Saudi Arabia’s real Gross Domestic Product (GDP) grew by 6.8 percent in Q3 of 2021, compared to Q3 of 2020, according to the latest flash estimates by the General Authority for Statistics (GSA).
In the Authority’s most recent report, the positive growth was attributed to the high increase in oil activities by 9 percent due to rising world demand for crude oil and the expansion of Saudi production in 2021. Non-oil activities increased by 6.2 percent, and government activities increased by 2.7 percent year on year.
According to official data from the World Bank, the Kingdom’s GDP was worth USD 700.12 billion (SAR 2.6 trillion) in 2020. Additionally, the GDP value of Saudi Arabia represents 0.62 percent of the world economy.
Oil vs. Non-Oil Activities.
- Oil activities: activities that include crude oil, natural gas, and refining
- Government activities: the activities of all government entities included in the Saudi government’s final budget
- Non-oil activities: all other economic activities except oil activities and government services activities
Saudi GDP Growth Explained
According to Reuters, seasonally adjusted GDP grew 5.8 percent quarter-on-quarter on the back of 12.9 percent growth in oil activities. London-based Capital Economics also stated that the Kingdom’s economy is expected to have grown by around 5.7 percent in Q3 of 2021, attributing to a “more robust” hydrocarbon sector output, adding the expected expansion would leave the Saudi GDP approximately 1 percent above its pre-pandemic level.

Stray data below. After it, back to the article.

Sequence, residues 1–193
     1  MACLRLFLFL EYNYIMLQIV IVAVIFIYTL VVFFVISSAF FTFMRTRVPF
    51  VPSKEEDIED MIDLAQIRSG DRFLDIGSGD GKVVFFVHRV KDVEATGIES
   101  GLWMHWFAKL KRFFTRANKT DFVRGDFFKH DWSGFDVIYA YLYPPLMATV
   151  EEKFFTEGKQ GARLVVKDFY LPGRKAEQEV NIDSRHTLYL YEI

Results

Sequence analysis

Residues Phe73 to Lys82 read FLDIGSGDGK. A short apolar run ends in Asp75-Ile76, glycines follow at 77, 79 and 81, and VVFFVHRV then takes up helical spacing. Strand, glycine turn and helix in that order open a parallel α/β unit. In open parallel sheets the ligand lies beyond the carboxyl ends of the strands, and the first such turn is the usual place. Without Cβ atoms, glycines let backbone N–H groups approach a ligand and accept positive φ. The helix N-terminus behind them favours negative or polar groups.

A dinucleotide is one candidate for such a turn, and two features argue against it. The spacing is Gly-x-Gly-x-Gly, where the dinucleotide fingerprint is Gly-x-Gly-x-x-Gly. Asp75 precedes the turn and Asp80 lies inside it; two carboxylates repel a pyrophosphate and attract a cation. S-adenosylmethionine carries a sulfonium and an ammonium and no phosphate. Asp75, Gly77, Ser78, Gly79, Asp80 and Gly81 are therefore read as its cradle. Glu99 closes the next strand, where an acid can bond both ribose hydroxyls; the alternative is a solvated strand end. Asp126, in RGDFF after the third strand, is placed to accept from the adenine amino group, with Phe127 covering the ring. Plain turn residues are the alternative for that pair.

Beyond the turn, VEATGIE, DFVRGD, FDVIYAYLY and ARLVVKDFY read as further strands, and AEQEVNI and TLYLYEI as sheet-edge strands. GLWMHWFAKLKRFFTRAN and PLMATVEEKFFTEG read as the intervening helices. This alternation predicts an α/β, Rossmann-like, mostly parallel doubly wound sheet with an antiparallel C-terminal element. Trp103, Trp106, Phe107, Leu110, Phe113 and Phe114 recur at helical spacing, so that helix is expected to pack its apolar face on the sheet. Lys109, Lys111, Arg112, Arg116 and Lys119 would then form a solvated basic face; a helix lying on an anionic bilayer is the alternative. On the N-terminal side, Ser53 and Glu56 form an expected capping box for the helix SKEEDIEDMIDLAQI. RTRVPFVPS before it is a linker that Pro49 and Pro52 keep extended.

“Saudi Arabia’s economic recovery looks to have picked up speed in Q3 and should remain strong over the rest of this year and 2022, underpinned by rising oil output. Looking ahead, as oil production rises, virus restrictions are relaxed further, and the government leans towards loosening fiscal policy, the recovery is likely gather momentum,” the report stated.
Capital Economics also forecasts GDP growth to be 2.5 percent this year and 7.3 percent in the next year, with projections lying above the consensus.
GDP Growth and COVID-19
The largest of all Arab countries, the Kingdom’s economy struggled in the wake of both the COVID-19 pandemic and record-low oil prices.
However, Reuters reports that the economy has rebounded significantly this year amid the easing of coronavirus-related restrictions, a vaccine roll-out, and those above higher crude oil prices.
Riyadh-based Jadwa Investment also stated that the Kingdom is expected to see a narrower fiscal budget deficit this year, with the Ministry of Finance recently outlining that the fiscal deficit is expected to hit SAR -85 billion (-2.7 percent of GDP) in the full year of 2021.
Jadwa even predicts that the number could be lower, at around SAR -67 billion (or -2.1 percent of GDP)
“With Brent oil prices currently trading above $80 per barrel, there is a strong possibility that full year 2021 government oil revenue could surpass our current estimate of SR528 billion,”
As for non-oil revenues, the Kingdom’s income from the Value-added tax (VAT) contributed 70 percent of non-oil revenues during the third quarter of 2021, with Jadwa Investment calling the VAT a “key component” of non-oil revenue.